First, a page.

• The first day of life is the riskiest day of life for the newborn everywhere, but complicating this with all that comes with a fragile situations — lack of medical help, poor sanitation, violence, disease, insufficient water supply, living in close quarters with hundreds of others — makes it even riskier.

So where is the hope? 

First off it’s in the mothers themselves, because no matter where you go moms want to keep their babies and children healthy – they will do anything to make life better for their kids. Moms want a better and more secure future for their children. That is a strength. Second – there’s hope in breastfeeding. This, as a natural source of vitamin-filled nutrition, keeps the baby full of nutrients that fight infection and malnutrition. It also works as a way to prevent postpartum hemorrhaging, helping the uterus to return to its normal state pre-pregnancy.

Hear this: When formula is distributed where it shouldn’t be it hurts everyone!

In emergency situations it is near impossible to prepare formula properly. It’s irresponsible to send formula and randomly distribute it thinking you are doing people a service. If it is distributed, it must be done carefully with extra attention given to how to prepare. To quote the report directly:

“In all situations, children who are fed infant formula are more likely to become ill and die than those who are breastfed. In an emergency context such as the Syrian conflict, where the risk of dying is already high for children, breastfeeding saves lives, providing critical protection from infections and death.”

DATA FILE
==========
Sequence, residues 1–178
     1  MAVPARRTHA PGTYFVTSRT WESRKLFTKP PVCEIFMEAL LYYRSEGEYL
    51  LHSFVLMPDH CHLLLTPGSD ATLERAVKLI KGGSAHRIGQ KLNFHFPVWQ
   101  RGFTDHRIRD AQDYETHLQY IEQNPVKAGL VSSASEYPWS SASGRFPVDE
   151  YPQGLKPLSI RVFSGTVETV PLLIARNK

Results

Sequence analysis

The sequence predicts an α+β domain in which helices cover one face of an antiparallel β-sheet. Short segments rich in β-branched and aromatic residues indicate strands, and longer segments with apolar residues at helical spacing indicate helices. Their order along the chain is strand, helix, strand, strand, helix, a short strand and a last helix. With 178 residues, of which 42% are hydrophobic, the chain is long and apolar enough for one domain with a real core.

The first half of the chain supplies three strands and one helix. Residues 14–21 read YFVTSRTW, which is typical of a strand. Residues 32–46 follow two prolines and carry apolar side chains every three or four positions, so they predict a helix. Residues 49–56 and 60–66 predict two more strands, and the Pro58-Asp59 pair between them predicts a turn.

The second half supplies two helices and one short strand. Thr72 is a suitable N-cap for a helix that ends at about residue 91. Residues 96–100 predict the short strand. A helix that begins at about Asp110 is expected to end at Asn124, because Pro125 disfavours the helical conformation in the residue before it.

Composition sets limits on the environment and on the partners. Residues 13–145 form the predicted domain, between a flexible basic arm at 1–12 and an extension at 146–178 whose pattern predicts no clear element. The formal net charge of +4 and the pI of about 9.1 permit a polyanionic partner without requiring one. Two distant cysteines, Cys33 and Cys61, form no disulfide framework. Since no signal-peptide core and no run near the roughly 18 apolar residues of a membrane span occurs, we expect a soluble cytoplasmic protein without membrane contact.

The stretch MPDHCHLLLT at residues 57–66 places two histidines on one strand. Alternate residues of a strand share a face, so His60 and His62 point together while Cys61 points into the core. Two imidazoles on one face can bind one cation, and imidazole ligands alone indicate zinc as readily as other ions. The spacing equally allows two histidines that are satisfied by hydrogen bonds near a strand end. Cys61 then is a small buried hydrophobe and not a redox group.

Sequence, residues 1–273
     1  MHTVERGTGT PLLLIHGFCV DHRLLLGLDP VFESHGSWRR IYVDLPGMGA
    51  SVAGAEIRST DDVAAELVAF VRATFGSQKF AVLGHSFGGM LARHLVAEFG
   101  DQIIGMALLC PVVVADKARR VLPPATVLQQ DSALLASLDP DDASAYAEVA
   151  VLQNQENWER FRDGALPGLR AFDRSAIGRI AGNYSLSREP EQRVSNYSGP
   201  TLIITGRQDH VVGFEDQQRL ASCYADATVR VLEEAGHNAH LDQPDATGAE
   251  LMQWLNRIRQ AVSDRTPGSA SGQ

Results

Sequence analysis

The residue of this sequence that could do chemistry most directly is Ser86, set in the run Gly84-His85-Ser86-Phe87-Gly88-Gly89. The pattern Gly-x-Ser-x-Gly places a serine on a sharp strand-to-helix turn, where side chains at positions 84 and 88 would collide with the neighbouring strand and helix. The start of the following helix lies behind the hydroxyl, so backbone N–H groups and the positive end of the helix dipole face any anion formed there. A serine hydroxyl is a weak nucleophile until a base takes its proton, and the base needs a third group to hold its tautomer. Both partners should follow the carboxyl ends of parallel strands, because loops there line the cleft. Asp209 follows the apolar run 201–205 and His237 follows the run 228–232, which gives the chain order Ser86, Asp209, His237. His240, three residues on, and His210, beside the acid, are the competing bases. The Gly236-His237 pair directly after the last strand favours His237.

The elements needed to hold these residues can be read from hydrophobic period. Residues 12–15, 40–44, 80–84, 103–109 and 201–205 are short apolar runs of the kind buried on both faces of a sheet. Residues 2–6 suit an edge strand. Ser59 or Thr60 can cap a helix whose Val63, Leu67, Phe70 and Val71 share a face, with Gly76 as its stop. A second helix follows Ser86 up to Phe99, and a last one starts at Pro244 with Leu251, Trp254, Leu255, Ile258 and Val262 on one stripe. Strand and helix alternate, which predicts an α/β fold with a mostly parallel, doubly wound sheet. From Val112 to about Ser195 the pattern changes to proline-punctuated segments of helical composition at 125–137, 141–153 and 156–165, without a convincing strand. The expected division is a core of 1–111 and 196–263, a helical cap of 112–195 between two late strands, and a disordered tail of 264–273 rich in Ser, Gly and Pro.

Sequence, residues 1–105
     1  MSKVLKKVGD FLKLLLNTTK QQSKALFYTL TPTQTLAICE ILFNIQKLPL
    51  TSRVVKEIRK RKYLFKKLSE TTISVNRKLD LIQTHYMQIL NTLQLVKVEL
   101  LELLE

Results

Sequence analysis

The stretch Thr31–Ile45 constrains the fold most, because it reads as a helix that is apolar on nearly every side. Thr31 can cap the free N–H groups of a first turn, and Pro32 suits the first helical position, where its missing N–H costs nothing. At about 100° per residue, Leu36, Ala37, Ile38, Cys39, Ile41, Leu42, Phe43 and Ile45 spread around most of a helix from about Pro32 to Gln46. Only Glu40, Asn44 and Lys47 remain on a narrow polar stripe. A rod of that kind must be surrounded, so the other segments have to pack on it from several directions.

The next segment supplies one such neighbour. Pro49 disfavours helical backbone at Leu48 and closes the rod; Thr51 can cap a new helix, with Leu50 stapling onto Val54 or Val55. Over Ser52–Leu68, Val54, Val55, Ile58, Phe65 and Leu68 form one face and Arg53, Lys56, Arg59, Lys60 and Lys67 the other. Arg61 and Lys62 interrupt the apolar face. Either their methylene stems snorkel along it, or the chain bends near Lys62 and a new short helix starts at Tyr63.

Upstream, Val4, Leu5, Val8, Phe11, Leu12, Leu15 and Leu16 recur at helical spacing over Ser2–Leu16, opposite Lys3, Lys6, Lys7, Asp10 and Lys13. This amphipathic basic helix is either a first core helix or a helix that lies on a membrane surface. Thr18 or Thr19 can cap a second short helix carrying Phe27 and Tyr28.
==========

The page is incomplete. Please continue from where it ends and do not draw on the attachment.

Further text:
Third – what Save the Children’s report does not highlight is the amazing work going on throughout the world by unacknowledged women’s and children’s hospitals. I know people in Pakistan, Haiti, India that work with no need for recognition, daily doing their part to assist with healthy births, to teach breast-feeding techniques, to vaccinate children. A project in a rural area of Pakistan teaches literacy and hygiene to women and children. Community health workers in many parts of the world take on the role of educating their communities. All is not hopeless.

I’m convinced and the data itself shows that when you invest in women and children you make the entire community healthier and more economically stable. For every dollar spent on key interventions for reproductive, maternal, newborn and child health, about US$ 20 in benefits could be generated.*

Readers of Communicating Across Boundaries live all over the world. And so I’ll close this by saying wherever you are in the world, work to spread the word that mothers and children matter and are worth investing in. They matter to their families, to their communities, and to society as a whole. 

*If you use twitter tweet the report using this tag #SOWM

On my travels I’ve met with mothers recovering from the devastation of ongoing conflict, mothers trying to make a refugee camp feel like home, and mothers who fled from violence with their children on their backs. Despite the horrors of the past, every mother I meet is focused on the future and how to make it brighter for her children. – Jasmine Whitbread CEO of Save the Children International

To download a full copy of the report go here.

*A study by Victoria University in Melbourne in six Asian countries